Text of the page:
The 1998 National Defense Authorization Act (NDAA), P.L. 105-85, imposed a requirement for companies to provide the Commerce Department with prior notice of exports for systems above 2,000 MTOPS to all Tier 3 end-users. U.S. export control agencies have 10 days to inform the company if it must apply for a license.

The President's decision today will raise the NDAA notification level from 2,000 MTOPS to 6,500 MTOPS. The President has advised the appropriate Congressional committees of his decision to raise the NDAA notification level. By law, Congress has six months to review this decision, at which time the change to NDAA notification level will go into effect (February, 2000).

The Administration will continue to review the licensing levels and the NDAA notification level every six months to determine if further adjustments are warranted.

Tier IV (Iraq, Iran, Libya, North Korea, Cuba, Sudan, and Syria). There are no planned changes for Tier IV, current policies continue to apply (i.e. the United States will maintain a virtual embargo on computer exports).

For all these groups, reexport and retransfer provisions continue to apply. The revised controls will become effective when they are implemented in formal Commerce Department regulations.

We will continue to implement the Enhanced Proliferation Control Initiative (EPCI), which provides authority for the government to block exports of computers of any level in cases involving exports to end-uses or end-users of proliferation concern or risks of diversion to proliferation activities. Criminal as well as civil penalties apply to violators of the EPCI. In addition, the Department of Commerce will continue to add to its list of published entities of concern as a means of informing exporters of potential proliferation and other security risks. The Department will remind exporters of their duty to check suspicious circumstances and inquire about end-uses and end-users. Exporters will be advised to contact the Department of Commerce if they have any concern with the identity or activities of the end-users. The Commerce Department also will work to expand its efforts -- through public seminars and consultations with companies -- to keep industry regularly informed regarding problem end-users and programs of proliferation concern.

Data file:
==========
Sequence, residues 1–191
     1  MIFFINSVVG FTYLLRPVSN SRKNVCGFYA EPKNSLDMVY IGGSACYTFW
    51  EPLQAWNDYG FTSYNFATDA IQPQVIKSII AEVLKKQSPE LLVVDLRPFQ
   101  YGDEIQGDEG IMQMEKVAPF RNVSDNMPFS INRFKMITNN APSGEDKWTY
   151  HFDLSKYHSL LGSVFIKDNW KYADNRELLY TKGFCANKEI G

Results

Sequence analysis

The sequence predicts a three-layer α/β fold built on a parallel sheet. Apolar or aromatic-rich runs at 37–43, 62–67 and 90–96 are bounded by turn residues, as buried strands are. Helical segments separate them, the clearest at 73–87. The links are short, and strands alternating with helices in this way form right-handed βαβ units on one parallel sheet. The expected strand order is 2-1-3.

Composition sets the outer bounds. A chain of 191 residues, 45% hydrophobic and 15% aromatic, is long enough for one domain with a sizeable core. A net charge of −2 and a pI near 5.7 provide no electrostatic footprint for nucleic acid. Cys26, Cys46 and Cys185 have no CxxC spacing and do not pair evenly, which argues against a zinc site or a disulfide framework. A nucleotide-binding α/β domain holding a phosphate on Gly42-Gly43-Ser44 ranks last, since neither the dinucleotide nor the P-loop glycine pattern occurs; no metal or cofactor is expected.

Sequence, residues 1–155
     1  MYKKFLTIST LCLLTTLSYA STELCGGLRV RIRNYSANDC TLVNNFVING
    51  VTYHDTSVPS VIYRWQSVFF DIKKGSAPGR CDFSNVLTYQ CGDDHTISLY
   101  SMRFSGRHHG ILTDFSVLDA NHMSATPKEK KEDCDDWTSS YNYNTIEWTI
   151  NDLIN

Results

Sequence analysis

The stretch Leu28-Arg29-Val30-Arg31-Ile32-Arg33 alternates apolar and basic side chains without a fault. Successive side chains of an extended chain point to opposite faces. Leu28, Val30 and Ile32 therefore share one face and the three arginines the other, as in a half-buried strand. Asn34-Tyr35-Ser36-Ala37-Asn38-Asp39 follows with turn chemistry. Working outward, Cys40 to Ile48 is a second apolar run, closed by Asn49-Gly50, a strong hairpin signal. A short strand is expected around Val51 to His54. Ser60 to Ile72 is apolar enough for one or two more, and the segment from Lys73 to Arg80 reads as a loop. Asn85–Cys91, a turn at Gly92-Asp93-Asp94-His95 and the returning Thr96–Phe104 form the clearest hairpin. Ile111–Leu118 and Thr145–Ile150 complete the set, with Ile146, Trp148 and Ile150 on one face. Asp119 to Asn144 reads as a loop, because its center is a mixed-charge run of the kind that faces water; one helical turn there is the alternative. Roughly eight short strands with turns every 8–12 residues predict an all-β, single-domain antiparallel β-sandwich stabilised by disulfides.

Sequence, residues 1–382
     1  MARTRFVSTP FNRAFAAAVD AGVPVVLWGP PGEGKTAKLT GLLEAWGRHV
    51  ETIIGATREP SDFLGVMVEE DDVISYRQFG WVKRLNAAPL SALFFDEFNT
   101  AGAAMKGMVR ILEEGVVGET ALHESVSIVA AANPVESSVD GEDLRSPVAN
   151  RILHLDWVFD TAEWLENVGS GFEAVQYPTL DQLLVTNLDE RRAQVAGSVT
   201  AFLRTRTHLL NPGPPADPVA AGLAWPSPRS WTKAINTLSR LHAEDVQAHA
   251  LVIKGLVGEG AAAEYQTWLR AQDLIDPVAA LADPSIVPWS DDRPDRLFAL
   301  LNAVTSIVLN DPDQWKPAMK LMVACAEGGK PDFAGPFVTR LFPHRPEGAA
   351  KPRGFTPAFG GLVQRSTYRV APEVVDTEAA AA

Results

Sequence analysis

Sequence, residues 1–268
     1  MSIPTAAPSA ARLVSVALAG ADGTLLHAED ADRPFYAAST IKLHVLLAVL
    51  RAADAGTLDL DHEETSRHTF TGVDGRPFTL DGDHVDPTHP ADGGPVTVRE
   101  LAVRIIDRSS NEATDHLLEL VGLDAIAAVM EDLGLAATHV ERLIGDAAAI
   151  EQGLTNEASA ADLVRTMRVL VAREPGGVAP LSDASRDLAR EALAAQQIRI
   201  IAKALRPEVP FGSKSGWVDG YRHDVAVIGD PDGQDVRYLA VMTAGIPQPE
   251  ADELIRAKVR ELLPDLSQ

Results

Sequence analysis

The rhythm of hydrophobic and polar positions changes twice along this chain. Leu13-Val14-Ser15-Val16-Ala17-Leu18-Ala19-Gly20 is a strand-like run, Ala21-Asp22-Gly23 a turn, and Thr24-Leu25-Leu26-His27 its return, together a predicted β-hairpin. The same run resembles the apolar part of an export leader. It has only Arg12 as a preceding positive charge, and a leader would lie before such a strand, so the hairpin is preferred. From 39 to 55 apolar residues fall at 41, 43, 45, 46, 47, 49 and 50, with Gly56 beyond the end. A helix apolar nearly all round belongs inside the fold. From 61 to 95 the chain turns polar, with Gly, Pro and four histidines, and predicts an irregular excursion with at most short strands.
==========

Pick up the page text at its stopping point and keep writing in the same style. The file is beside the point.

Microprocessor Controls. In addition to revising computer export controls, controls on general-purpose microprocessors will be revised immediately, from the current control level of 1200 MTOPS to 1900 MTOPS. Export control agencies are in agreement that general purpose or so-called "mass market" microprocessors are not controllable because they are used in virtually all consumer and business personal computers, are highly portable, and are sold in very large quantities through multiple distribution channels worldwide. Given the continuing increases in microprocessor technology, the Administration likely will adjust microprocessor control levels again in the Fall, 1999. We will continue to maintain controls on higher performance, general-purpose microprocessors that are sold in small quantities for high-end computer and other applications, and those application-specific microprocessors that have military applications and are sold in relatively small quantities.

Legislative Proposal. Per the National Defense Authorization Act of 1998, Congress requires a six-month notice period if the President decides to raise the level that triggers the 10-day pre-export notification requirement for Tier 3 exports. Congress also requires a four-month notice if the President decides to move a country out of Tier 3. The six-month notice period in particular limits our ability to respond quickly to rapid changes in technology. We will work with Congress to change both waiting periods to one month, in conjunction with the formal notification to Congress of the President's decision to raise the current NDAA notification level from 2,000 MTOPS to 6,500 MTOPS.

On a longer-term basis, we intend to work with Congress to adopt an approach that does not rely on ad hoc judgements about appropriate levels of control, but rather keys our export controls to recognize the practical impossibility of controlling items so widely available that they amount to commodity items, like computers and microprocessors which are sold by the hundreds of thousands and even millions.

Multilateral Coordination: The Administration is consulting with other nations in the context of our common controls on high performance computers, and with the members of the Wassenaar Arrangement -- the multilateral successor to COCOM, to ensure that they understand the basis for the changes in controls. We are committed to working closely with them to adjust multilateral controls to reflect technological advances and collective security concerns. Our controls are consistent with the basic foundations and principles of the Wassenaar Arrangement -- to deny arms and sensitive dual-use technologies to countries of proliferation concern, and to develop mechanisms for information sharing among the partners as a way to harmonize our export control practices and policies.